REIQ says state budget lacks a housing plan
The Real Estate Institute of Queensland (REIQ) has expressed disappointment at the lack of action to support housing affordability and accessibility in the 2022-23 Queensland State Government budget.
REIQ CEO Antonia Mercorella said this year’s budget had missed a valuable opportunity to implement key reforms and bring forward creative solutions to assist Queenslanders towards home ownership.
At a time when construction of new homes has reached a screeching halt, the First Home Owners’ Grant has become virtually redundant for most given it’s only available for new construction or the purchase of a new home.
“Despite a construction sector in crisis, and the government itself conceding that builders and building supplies are rare as hens’ teeth, the First Home Owners’ Grant continues to overlook established housing, remaining restricted to new construction,” Ms Mercorella said.
“With rising construction costs and financial entry barriers making building or purchasing a brand-new home simply unfeasible for many first home buyers, surely it’s time to extend this initiative to established housing options.
“In addition, given that we are in the throes of a rental crisis, support measures should be going further to help more renters transition into home ownership by providing some upfront financial assistance and opening up access and choice to include established housing.”
Meanwhile, the elephant in the room – stamp duty reform – has been ignored once again.
Ms Mercorella said while other jurisdictions had or were moving on stamp duty reform, the Queensland Government had made no progress towards phasing out this universally recognised inefficient and volatile tax.
“Stamp duty significantly hinders home ownership, discourages housing turnover, and restricts mobility, and its abolishment would open doors in Queensland for many,” she said.
“That’s why we’ve long advocated for a 10-year phase-out program and eventual abolishment of stamp duty by first introducing stamp duty exemptions allowing older Queenslanders to ‘rightsize’ into more suitable homes, and ultimately, replacing stamp duty with a broad-based land tax.
“The Henry Tax Review, delivered over a decade ago, identified it as a “bad tax” and yet it remains with us with today with not even a whiff of a plan for stamp duty reform on the horizon.”
Ms Mercorella said the REIQ had also advocated for social housing investment, with the provision of housing for vulnerable groups the bedrock of society. Again, it was disappointed by the lack of action in this budget.
“While we welcomed the $1 billion Housing Investment Fund generating $40 million a year for new housing supply and $1.9 billion for the Housing and Homelessness Action Plan 2021-25 last year, we’re only seeing the same funding re-announced, with demand outpacing the output,” she said.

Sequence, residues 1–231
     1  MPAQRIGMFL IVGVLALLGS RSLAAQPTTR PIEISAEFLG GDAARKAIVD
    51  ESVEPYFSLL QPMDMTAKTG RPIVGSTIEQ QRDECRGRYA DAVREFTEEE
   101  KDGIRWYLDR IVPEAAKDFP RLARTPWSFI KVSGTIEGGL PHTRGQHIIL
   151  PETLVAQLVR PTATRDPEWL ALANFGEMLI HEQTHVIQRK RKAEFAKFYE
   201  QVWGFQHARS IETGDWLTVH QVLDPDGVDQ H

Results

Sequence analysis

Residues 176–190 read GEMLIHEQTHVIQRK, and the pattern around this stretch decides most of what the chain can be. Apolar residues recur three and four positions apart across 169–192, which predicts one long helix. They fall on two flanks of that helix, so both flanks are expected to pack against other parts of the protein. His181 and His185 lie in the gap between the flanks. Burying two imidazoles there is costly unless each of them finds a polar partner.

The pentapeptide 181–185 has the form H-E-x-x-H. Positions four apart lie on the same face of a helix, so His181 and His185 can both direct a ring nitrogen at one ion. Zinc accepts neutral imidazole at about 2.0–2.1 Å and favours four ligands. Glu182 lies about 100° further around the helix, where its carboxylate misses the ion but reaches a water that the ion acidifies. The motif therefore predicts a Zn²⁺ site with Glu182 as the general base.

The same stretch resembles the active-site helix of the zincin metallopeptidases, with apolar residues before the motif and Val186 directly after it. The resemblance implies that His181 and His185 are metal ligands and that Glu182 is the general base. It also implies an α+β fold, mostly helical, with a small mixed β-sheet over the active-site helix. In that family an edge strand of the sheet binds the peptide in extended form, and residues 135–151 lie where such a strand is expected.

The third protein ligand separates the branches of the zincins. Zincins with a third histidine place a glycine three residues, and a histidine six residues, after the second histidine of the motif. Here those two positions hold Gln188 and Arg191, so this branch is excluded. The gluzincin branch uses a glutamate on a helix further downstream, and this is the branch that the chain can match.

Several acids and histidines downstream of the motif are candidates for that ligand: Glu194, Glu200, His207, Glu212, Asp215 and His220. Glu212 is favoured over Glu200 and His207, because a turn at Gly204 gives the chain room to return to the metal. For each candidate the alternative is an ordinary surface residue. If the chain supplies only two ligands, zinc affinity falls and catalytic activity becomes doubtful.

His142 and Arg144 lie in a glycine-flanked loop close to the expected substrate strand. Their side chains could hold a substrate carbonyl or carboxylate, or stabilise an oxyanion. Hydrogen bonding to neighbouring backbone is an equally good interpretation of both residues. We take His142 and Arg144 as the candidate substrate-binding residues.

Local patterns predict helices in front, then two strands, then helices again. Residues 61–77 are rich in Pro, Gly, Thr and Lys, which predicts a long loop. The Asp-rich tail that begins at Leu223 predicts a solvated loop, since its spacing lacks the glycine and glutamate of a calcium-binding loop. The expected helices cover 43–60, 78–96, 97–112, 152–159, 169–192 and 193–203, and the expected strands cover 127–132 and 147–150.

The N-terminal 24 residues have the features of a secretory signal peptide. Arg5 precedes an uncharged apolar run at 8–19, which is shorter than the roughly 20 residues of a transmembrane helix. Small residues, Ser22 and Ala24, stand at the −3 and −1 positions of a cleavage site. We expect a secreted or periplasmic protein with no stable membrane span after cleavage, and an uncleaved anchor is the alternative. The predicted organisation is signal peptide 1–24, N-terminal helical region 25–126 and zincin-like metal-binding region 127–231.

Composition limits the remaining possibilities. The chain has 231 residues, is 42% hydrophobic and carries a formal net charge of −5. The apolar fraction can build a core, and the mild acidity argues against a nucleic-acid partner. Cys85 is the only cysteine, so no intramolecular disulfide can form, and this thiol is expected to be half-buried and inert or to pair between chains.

“The housing crisis has seen us join state-wide calls from councils, community services and industry bodies for an increase in social housing funding – that sadly hasn’t materialised in this budget.”
Ms Mercorella added that in order to help take some the strain of housing Queenslanders off private ‘mum and dad’ investors, it was time to make the build-to-rent model more appealing, specifically with vulnerable groups in mind.
“The REIQ would welcome innovative ways to deliver increased housing supply, such as amending taxation rules to stimulate build-to-rent developments, like we’ve seen with the land tax concession announced in Western Australia,” she said.
Ms Mercorella said there was a noticeable lack of new housing initiatives in this budget, and yet ironically, a new land tax regime is planned for property investors who provide the lion’s share of housing for Queenslanders.
“With over $7.6 billion pocketed in property related taxes, making property the second biggest revenue source behind all mining royalties, it’s disappointing that we’re not seeing this being reinvested in projects and initiatives to alleviate the pressure on housing,” she said.
“Slapping yet another tax on property investors without any consultation with relevant property stakeholder groups is not the creative and positive action we so desperately need if we’re going to tackle housing affordability and supply.”
Ms Mercorella stressed that both sides of government should have housing front and centre of their minds to ensure the long-term health of Queensland’s property market and to ensure that shelter is available for all.
“It’s important that both political parties focus on addressing housing affordability and accessibility, in light of the housing crisis we are facing, and considering the critical contributions of Queensland’s real estate sector to the economy,” Ms Mercorella said.
“There’s been plenty of attention on winning the Olympics and the droves of interstate migrants choosing to call Queensland their home, but without a proper long-term plan of how our great state is going to put a roof over the heads of our growing population.”
Claire Ryan, Media and Stakeholder Relations Manager, The Real Estate Institute of Queensland
M: 0417 623 723 E: firstname.lastname@example.org